Dead Bodies Need Love, Too

…only I think more for our sake than theirs. 

In the last week I had two different friends tell me stories about the death of a close family member and the extraordinary experience they had with the body afterwards.  In both cases the body was handled in a way that’s unusual by American standards, yet both women told me (with deep conviction) that it made all the difference in helping them cope with the loss.

The first is a friend who’s older brother died last year of a sudden heart attack in his early sixties.  He lived and died in a different kind of community in the midwest where a lot of people practice a spiritual discipline with deep roots in the Indian Vedic tradition. Naturally, his cremation was attended with some of the chanting and ritual derived from that part of the world.  It involved an open casket viewing in a small room within the crematorium following the funeral itself.

The ceremony was beautiful, heart wrenching, and mesmerizing to watch.  My friend had a small video that was given to family members, and she shared it with me.

Only the most intimate friends and family members were allowed to attend.  Once everyone was seated a woman, who’d evidently spent a number of years in India learning how to do it, gave a brief explanation of the ceremony and then began singing what had to be one of the most beautiful, soothing, dynamic songs I’ve ever heard.  The words were in Sanskrit so I couldn’t understand any of it, but the melody, repetition, and deep resonance of the woman’s voice was like being cradled in strong arms.

All of the (many, many, many) flowers from the funeral had been brought into the room and two women were busy in a corner stripping all the petals and placing them into a basket near the head of the casket.  As the main woman sang that unearthly song, everyone in the room stood up and began to file past the body in a circle, picking up a handful of petals out of the basket each time they passed and sprinkling them over him as they whispered their final good-byes.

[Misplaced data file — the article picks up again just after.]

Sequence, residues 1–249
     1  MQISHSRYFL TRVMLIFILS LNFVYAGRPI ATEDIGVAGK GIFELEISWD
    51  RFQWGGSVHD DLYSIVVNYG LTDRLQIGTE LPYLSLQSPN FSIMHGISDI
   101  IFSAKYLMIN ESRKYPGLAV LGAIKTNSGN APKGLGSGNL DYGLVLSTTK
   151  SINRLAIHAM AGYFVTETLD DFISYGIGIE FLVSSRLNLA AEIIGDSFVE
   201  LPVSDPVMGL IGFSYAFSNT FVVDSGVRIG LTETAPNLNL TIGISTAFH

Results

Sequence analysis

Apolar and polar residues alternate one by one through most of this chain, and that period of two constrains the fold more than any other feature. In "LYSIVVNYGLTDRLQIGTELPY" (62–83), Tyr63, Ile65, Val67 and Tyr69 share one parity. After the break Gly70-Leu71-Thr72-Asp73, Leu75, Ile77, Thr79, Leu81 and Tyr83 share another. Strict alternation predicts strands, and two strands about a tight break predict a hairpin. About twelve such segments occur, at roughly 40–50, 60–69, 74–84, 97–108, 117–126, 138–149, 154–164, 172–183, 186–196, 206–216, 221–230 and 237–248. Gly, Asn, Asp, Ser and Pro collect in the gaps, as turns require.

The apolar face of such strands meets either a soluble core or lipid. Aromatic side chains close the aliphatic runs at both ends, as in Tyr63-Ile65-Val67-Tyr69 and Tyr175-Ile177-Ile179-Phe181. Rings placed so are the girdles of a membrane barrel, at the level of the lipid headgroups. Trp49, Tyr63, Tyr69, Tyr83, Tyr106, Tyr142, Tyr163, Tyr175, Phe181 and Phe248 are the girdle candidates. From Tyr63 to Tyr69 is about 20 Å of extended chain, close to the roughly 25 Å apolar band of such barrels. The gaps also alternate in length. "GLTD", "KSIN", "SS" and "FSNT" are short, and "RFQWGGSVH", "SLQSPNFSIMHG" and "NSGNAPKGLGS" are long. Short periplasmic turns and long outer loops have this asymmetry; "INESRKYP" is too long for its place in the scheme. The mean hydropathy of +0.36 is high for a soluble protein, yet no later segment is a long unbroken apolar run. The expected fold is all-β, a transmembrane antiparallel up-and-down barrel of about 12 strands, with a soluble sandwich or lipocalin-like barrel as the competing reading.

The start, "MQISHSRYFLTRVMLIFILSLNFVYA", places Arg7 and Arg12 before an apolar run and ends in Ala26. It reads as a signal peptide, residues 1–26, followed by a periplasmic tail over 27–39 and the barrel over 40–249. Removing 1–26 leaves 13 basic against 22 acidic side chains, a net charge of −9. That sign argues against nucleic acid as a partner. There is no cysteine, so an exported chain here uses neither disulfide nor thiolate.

At first I was just struck by the surprising beauty of the whole idea.  But then, as I watched his white face…his entire body…. vanishing beneath the deepening layers of soft, tender flower petals, I got it.  How much kinder and gentler this was, how much truer to both the profound love and profound loss of the people in that room, to bury him in flowers rather than dirt.  It took my breath away.

His mother nearly collapsed her first time around, under the unbearable weight of her grief.  But it seemed to get easier for her after that.  My friend told me that more than anyone else, the ceremony helped her mother come to grips with the loss.  Neither Friend nor any of her other family members actually lived in that community.  They’d all dropped their lives to travel from across the country, stunned and stricken.  Friend confided that initially she, herself, was reluctant to view his body, to see him like that.  She wanted to remember him as he was.  But then somehow as she watched him disappear beneath the flowers, the pain and shock of his death was transformed into something else.  Something more manageable.  Closure, she said, and her eyes looked unutterably grateful and sad.